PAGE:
April 21, 2020
Ms. Kristalina Georgieva
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International Monetary Fund (IMF)
Washington, D.C. 20431
Dear Ms. Georgieva,
The global humanitarian and economic crisis caused by the COVID-19 pandemic is having a severe impact on Nigeria. In addition to the high human toll from daily increases in COVID-19 cases, the economic cost is high. Containment policies to limit the propagation of the outbreak—including to restrict movement and encourage social distance—and a sharp fall in oil prices is causing a dramatic fall in economic activity. Our preliminary assessment suggests a contraction in real GDP of 3.4 per cent this year, a 6.5 percentage points drop relative to our previous estimate. Given the uncertainty as to the depth and duration of this crisis, this estimate comes with downside risks.
Our external position has already come under strong pressure. The current account deficit is projected to be about 3.3 per cent of GDP, despite some import compression, as oil exports drop. At the same time, remittances and capital inflows are expected to weaken substantially, leading to pressure on our international reserves, which have already declined. To mitigate the balance-of-payment pressures, we adjusted the official exchange rate from N305/$ to N360/$ and recently converged the Central Bank of Nigeria (CBN)’s various foreign exchange (FX) windows to the Investors and Exporters (I&E) windows rate, which will be allowed to move with market forces, as observed with the recent depreciation in response to capital outflows. This step also allowed us to close the gap between the CBN’s minimum and maximum exchange rates from 20 to 5 per cent—a major step toward exchange rate unification. We are committed to maintaining this more unified and flexible exchange rate regime, which will operate in a market-determined manner and be allowed to respond to shocks, with the CBN only intervening to smooth large FX fluctuations. While greater FX flexibility will help mitigate balance-of-payment pressures, an external financing gap of US$14 billion will remain.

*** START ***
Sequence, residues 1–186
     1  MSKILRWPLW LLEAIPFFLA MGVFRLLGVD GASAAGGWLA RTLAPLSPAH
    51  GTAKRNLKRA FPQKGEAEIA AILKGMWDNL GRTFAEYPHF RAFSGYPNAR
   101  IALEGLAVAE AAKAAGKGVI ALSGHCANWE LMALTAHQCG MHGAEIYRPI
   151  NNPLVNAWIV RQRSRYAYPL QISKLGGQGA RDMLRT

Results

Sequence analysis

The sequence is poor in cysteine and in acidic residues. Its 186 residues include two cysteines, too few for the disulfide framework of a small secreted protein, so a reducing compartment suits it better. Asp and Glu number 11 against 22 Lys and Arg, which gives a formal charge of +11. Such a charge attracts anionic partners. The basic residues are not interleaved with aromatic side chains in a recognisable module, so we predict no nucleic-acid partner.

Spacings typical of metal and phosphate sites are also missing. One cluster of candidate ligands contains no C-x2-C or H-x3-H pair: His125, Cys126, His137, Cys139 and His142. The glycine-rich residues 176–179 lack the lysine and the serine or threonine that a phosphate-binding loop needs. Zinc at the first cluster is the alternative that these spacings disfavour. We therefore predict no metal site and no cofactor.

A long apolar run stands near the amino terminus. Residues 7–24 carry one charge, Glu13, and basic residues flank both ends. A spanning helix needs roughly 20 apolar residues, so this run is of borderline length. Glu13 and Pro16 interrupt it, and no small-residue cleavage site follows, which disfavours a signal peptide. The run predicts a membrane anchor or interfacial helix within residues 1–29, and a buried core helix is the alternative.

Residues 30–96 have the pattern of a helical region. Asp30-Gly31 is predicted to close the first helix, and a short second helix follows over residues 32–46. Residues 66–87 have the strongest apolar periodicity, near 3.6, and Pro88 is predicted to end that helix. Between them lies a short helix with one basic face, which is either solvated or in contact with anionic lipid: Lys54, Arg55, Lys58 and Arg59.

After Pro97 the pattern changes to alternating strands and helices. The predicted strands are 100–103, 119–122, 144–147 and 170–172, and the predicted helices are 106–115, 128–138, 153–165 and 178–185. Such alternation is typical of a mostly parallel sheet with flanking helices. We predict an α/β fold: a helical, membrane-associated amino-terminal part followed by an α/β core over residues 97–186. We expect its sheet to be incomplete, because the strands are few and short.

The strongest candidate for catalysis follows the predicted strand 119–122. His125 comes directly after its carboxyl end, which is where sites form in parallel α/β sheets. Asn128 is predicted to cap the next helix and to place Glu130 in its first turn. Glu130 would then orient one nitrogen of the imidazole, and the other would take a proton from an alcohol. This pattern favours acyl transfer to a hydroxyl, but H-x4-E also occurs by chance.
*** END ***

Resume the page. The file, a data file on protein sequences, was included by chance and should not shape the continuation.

Unsurprisingly, the COVID-19 crisis will also severely impact the budget. Lower growth and the sharp decline in oil prices are affecting tax revenues, which are projected to fall short of our target by about 3 per cent of GDP. The estimated cost of our pandemic emergency response plan, including additional health and social spending and fiscal stimulus targeted at the most affected sectors, is at least US$1.4 billion (0.3 per cent of GDP) in 2020. Together, these two factors will increase the overall deficit by about 2 per cent of GDP in 2020, despite expenditure reprioritization efforts. We estimate that the Government of Nigeria will require an additional US$11 billion (3 per cent of GDP) in 2020 to close the fiscal financing gap resulting from the shock.